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System failed slain Granby girl, youth protection internal probe finds

A memorial to commemorate the young girl who died earlier this year is shown outside the courthouse in Granby, Que., on Friday June 21, 2019.
A memorial to commemorate the young girl who died earlier this year is shown outside the courthouse in Granby, Que., on Friday June 21, 2019. THE CANADIAN PRESS/Pierre Saint-Arnaud

The system as a whole — not one person or service 00 is to blame for lapses in the case of a slain seven-year-old Quebec girl who’d been followed by youth protection, according to an internal probe by the regional health authority released Wednesday.

The investigation found cracks in the system failed her at different times and in different ways and that a “succession of events that should not have occurred” led to a high-risk situation before her death.

READ MORE: Stepmother charged with second-degree murder in death of Granby girl

The findings of the regional health board in the Eastern Townships region also came with 14 recommendations to prevent a recurrence, focusing on better management, rigorous monitoring and follow-up and more staff and support.

The Quebec government has ordered several other investigations stemming from the case of the young girl from Granby, Que., who’d been followed by youth protection services from birth and whose death sparked outrage across the province and raised questions about the effectiveness of the system to assist at-risk children.

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“The analysis of the event revealed that throughout the life of this child, the health and social services network offered her a wide range of services and her family,” the health board said in a statement.

“All stakeholders and managers involved with them have demonstrated their commitment to this family.”

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Dr. Stéphane Tremblay, who oversees the agency in the region, said Wednesday that 19 experts examined a wealth of documents and concluded the social safety net wasn’t effective enough to prevent the death of the girl, whose identity is protected by court order.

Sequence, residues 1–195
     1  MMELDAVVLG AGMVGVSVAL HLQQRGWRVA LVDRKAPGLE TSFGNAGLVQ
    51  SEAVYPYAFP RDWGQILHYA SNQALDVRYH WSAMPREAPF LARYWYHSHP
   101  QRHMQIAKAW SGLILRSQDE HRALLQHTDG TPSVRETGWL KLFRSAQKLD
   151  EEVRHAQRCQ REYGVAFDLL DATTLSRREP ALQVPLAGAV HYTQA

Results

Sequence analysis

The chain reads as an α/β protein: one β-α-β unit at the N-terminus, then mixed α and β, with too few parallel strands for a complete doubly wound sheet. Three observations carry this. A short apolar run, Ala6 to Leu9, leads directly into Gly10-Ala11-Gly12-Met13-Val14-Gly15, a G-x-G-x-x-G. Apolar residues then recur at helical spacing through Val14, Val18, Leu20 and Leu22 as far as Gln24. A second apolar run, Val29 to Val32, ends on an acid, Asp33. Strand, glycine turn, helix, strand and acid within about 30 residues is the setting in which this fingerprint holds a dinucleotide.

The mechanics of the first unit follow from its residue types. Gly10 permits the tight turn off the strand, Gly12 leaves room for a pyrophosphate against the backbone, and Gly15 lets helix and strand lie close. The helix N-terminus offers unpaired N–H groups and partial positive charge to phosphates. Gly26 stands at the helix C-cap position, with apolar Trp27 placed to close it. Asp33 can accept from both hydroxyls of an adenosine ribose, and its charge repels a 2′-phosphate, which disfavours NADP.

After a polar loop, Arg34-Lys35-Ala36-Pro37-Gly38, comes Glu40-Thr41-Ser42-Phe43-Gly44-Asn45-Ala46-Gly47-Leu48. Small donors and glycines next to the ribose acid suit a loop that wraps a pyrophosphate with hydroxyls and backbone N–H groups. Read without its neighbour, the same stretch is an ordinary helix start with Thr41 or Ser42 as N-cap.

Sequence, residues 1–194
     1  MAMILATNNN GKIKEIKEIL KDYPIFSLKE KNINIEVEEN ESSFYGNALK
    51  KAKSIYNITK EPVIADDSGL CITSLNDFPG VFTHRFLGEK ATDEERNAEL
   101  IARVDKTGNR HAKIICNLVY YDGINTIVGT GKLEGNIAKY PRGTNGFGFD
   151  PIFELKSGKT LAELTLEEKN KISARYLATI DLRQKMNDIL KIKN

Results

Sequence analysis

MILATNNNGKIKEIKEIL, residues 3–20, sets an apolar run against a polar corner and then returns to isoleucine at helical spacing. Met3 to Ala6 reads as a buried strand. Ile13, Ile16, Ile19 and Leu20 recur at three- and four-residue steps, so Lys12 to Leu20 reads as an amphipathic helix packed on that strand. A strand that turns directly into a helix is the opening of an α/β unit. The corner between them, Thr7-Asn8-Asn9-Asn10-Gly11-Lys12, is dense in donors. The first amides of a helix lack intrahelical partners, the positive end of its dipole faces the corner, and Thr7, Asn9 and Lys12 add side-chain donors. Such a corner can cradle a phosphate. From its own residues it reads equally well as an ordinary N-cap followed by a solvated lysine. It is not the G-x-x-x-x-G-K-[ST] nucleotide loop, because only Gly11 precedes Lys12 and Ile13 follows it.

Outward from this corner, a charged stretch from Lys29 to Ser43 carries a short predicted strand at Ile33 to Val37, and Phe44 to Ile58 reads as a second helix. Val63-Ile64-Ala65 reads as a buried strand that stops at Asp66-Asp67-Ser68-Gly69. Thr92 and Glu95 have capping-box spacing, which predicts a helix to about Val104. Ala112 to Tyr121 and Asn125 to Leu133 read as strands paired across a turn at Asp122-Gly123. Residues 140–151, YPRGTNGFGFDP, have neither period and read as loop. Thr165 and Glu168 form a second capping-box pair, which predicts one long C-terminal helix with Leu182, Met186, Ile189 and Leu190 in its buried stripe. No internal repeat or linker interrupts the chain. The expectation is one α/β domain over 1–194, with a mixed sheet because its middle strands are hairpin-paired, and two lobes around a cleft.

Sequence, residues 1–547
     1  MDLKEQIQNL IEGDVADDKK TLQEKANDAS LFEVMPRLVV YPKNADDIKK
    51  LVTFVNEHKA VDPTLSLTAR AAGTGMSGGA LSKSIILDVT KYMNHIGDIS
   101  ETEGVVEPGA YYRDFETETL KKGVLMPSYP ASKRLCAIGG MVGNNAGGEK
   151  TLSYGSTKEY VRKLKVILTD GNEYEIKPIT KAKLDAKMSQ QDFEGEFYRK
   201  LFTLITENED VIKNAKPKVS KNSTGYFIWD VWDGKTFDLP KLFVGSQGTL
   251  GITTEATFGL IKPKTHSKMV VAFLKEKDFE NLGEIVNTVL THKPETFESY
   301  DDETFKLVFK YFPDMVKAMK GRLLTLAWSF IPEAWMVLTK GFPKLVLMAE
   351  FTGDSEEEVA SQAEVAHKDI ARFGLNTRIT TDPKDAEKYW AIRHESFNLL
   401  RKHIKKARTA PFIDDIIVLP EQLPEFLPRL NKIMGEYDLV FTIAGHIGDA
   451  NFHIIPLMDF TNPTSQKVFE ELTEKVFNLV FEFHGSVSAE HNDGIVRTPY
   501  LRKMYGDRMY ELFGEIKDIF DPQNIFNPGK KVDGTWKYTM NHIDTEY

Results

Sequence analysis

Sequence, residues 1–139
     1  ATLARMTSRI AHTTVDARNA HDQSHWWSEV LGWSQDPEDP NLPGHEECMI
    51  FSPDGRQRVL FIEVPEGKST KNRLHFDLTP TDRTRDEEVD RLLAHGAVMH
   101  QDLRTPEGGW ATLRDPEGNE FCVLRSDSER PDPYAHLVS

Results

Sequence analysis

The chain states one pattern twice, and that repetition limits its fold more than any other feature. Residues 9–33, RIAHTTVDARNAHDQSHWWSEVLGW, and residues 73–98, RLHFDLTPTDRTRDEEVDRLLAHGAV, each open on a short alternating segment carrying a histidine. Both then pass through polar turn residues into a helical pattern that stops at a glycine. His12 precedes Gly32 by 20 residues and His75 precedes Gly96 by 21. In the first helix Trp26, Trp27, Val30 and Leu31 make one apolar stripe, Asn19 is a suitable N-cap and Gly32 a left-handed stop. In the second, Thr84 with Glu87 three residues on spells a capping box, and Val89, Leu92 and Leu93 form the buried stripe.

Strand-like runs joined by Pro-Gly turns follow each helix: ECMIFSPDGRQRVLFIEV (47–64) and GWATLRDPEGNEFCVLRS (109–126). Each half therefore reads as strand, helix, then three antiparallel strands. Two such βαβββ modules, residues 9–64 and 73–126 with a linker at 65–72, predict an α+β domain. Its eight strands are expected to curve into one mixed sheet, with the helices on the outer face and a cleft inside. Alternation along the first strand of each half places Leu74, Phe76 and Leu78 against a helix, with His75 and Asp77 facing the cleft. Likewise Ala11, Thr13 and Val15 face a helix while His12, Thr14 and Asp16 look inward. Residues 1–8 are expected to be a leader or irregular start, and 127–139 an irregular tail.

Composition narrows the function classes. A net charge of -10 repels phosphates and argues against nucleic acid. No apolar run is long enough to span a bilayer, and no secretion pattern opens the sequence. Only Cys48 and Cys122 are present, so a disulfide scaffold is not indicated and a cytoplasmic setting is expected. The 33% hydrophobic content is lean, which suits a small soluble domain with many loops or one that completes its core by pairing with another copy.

Tremblay said the errors in question were primarily in terms of communicating information between different parties over the past several years.

“The transfer of information may not always have been exemplarily managed, either within our services or with our partners,” he said.

But he said there was no ill intent on the part of workers, who are overwhelmed and understaffed.

WATCH BELOW: Granby girl’s death prompts questions about Quebec’s youth protection system

Granby girl’s death prompts questions about Quebec’s youth protection system
Granby girl’s death prompts questions about Quebec’s youth protection system

“It’s not bad faith on the part of staff, it’s not incompetence of our interveners, there are limits to what they can do on any given day,” Tremblay said in Sherbrooke, Que. “When we meet with staff, when we see them, what people tell us is ‘We’re not able to do what we should in a day.'”

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The girl was found in critical condition in her family home in Granby, about 80 kilometres east of Montreal, on April 29 and died a day later in hospital.

The victim’s stepmother faces one count of second-degree murder, unlawful confinement and aggravated assault.

The young girl’s father faces four charges: criminal negligence causing death, unlawful confinement, failing to provide the necessities of life, and child abandonment.

READ MORE: Quebec man whose daughter’s death sparked inquiry faces new charges

In response, the government launched a wide-ranging independent commission into youth protection in the province.

It will have an 18-month mandate and issue a final report with recommendations by Nov. 30, 2020, at the latest.

Several other investigations have been ordered into the handling of the girl’s case, including a coroner’s inquest and an investigation by the Quebec Human Rights and Youth Rights Commission.

Questioned about doling out blame, the province’s junior health minister said they would wait for the results of other investigations.

“We’ll wait for the other investigations before blaming anyone, but we will apply the recommendations,” Dr. Lionel Carmant, the minister who oversees youth protection, said in Quebec City. “We must wait for the results of all the investigations before taking any decisions.”

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